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Apollo 11: the launch



Apollo 11 official insigne

Exactly 45 years ago at the time of posting (Wednesday July 16, 1969, 13:32 UTC), Apollo 11 blasted off for the moon. At least one gaming developer rates this as a wonder of the world. One can rightly wonder whether America, or anyone in the world, can ever do this kind of project again. Today begins a day-by-day look back at that historic mission.

Background of Apollo 11

The notion of men flying to the moon began in the second half of the nineteenth century. Jules Verne famously envisioned it, as did Herbert George Wells. Both men acknowledged the obvious:

  1. A flight to the moon would need new technologies.
  2. Such a flight would be the perfect way to demonstrate those technologies.

Both have proved true, of course. Miniature (for the time) computers got Apollo 11 off the pad. Today one sees computers everywhere. A modern desktop could run Apollo 11 easily, including launch, the “injections” (flight from one celestial body to another), the “insertions,” landing (and taking off again), and recovery.

But the idea of landing on the moon struck many as extremely dangerous. Remember: conventional wisdom held the moon, and the earth, were both 4.6 billion years old. The moon collects a lot of dust. That much dust, planners feared, might swallow any landing craft, as quicksand swallows the unwary in a swamp. (See here for some calculations.)

Nevertheless, at least one politician famously decided the risk was worth taking:

I believe this nation should commit itself to achieving the goal, before this decade is out, of landing a man on the moon and returning him safely to the earth.

John F. Kennedy, 35th President of the United States

More than eight years would pass before three men (Neil Armstrong, Edwin “Buzz” Aldrin, and Michael Collins) would make Kennedy’s vision real.

Apollo 11 goes up

Apollo 11 lifts off.

Apollo 11 lifts off Pad 39A, John F. Kennedy Space Center, on 16 July 1969 at 9:32 a.m. local time. Photo: NASA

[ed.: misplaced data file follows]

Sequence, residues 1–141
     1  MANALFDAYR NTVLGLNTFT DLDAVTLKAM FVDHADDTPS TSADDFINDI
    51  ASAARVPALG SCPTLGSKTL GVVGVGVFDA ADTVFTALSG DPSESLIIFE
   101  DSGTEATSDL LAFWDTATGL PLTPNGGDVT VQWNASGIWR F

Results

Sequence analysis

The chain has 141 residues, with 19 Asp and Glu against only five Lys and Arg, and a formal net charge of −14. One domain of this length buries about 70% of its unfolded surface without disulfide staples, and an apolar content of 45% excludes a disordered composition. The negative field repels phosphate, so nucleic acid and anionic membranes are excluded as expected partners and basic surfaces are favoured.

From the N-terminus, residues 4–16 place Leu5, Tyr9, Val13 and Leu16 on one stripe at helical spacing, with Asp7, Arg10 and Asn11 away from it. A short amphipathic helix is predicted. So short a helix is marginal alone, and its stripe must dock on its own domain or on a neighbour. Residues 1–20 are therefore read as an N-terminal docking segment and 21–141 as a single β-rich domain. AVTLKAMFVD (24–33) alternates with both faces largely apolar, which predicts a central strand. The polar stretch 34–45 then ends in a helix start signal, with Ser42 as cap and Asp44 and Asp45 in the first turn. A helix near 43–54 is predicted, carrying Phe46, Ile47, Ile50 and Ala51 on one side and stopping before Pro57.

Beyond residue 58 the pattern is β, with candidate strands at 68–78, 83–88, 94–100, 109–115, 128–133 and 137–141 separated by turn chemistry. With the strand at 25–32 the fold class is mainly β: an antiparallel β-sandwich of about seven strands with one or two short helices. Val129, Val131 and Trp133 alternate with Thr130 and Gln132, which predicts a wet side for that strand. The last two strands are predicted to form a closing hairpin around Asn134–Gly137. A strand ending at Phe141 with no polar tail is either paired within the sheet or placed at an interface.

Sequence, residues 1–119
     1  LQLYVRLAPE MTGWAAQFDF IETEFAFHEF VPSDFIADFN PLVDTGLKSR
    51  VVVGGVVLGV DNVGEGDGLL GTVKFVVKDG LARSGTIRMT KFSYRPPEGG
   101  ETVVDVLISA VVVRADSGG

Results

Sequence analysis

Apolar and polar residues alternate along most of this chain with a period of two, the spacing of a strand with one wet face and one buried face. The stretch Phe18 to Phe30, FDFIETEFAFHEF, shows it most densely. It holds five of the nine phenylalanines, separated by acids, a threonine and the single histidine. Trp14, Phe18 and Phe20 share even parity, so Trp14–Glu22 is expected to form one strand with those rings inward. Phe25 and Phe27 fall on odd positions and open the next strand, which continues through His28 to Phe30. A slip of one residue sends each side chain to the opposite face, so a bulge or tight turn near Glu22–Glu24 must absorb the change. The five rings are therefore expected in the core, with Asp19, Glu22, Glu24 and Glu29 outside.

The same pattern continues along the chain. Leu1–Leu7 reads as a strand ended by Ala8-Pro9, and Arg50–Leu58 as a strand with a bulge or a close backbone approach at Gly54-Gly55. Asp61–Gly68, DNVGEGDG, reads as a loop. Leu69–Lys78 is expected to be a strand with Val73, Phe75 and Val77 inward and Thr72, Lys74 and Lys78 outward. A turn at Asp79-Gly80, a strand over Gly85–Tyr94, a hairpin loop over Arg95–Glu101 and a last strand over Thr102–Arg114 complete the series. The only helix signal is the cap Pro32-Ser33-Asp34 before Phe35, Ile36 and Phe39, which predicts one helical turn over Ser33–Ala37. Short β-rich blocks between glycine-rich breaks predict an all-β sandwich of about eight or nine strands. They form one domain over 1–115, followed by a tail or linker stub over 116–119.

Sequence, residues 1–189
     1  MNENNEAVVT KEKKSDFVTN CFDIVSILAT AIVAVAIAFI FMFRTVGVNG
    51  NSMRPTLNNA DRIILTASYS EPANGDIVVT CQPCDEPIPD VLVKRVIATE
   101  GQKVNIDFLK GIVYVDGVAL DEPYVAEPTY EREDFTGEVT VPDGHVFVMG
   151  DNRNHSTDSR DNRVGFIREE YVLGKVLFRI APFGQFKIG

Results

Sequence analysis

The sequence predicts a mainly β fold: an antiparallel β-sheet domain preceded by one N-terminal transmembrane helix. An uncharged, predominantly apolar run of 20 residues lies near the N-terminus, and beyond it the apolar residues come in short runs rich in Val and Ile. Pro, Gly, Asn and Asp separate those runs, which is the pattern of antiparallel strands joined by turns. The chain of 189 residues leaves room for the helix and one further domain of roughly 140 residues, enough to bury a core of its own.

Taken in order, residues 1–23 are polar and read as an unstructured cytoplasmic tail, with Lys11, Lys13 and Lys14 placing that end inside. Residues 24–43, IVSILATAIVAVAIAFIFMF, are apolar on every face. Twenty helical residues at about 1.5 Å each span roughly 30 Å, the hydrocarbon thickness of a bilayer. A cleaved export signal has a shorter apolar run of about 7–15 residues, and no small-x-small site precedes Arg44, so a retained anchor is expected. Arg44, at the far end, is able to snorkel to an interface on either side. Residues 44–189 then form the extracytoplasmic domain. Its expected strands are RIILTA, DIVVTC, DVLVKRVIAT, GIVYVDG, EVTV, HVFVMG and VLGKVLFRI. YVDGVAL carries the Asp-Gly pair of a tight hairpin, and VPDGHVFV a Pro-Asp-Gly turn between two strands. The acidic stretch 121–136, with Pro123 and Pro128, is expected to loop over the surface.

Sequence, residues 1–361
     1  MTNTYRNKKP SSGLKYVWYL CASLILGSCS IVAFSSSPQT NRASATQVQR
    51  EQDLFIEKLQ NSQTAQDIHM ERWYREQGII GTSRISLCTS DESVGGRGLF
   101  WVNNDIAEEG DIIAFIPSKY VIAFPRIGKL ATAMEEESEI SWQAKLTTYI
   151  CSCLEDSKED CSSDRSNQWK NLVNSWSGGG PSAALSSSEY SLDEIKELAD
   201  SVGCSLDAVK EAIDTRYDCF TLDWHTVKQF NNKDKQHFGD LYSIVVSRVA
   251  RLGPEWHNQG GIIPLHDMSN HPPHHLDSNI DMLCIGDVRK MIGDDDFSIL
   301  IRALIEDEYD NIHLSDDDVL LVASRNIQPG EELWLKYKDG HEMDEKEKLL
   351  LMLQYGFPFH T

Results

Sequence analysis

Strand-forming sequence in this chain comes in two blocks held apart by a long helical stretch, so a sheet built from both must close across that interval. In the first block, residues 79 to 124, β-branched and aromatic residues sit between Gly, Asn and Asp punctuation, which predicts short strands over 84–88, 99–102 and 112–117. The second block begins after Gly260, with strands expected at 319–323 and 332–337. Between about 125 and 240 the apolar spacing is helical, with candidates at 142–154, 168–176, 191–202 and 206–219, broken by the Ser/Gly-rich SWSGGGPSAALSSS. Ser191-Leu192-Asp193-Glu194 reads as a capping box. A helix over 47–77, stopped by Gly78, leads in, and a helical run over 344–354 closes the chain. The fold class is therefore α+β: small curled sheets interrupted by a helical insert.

NASA keeps this file, “Apollo By the Numbers,” on its own site. This page gives specific times, angles, and other interesting numbers for Apollo 11.

Apollo 11 took off promptly at 13:32:00 hours Greenwich Meridian Time (GMT), now renamed Coordinated Universal Time (UTC). That translates to 9:32:00 a.m. Eastern Daylight Time, the local time at the Kennedy Space Center.

Apollo 11 reached parking orbit in under twelve minutes. Apollo 11 circled the earth about 100 miles high, and once in about 88 minutes.

After one and a half orbits, Apollo 11 fired its Saturn V third-stage engine for the last time. This burn sent the craft on its trans-lunar injection, to throw it out of earth’s orbit and toward the moon.

The astronauts had a busy day. Only half an hour after this burn, they separated from the third stage and turned their ship around. They then came back to dock with the most important and most delicate machine they carried: the Lunar Module, a two-stage spacecraft that would make the actual landing. After that, the massive third stage squirted out the last of its fuel (not a burn) and sailed beyond the moon. That stage circles the sun to this day. But one of the four panels that held the LM in place during liftoff kept up with the combined Command-Service-Lunar Module spacecraft all the way to the moon. That started a legend that an extraterrestrial scoutcraft shadowed Apollo 11 during its mission.

The tiny spacecraft, much smaller than the big rocket that lofted it into space, would take three days to coast to the moon.

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Terry A. Hurlbut has been a student of politics, philosophy, and science for more than 35 years. He is a graduate of Yale College and has served as a physician-level laboratory administrator in a 250-bed community hospital. He also is a serious student of the Bible, is conversant in its two primary original languages, and has followed the creation-science movement closely since 1993.

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[…] 11 was a modern “wonder of the world.” CNAV explored this five years ago; see here, here and here. One can only hope that the first series of missions to another world will not be […]


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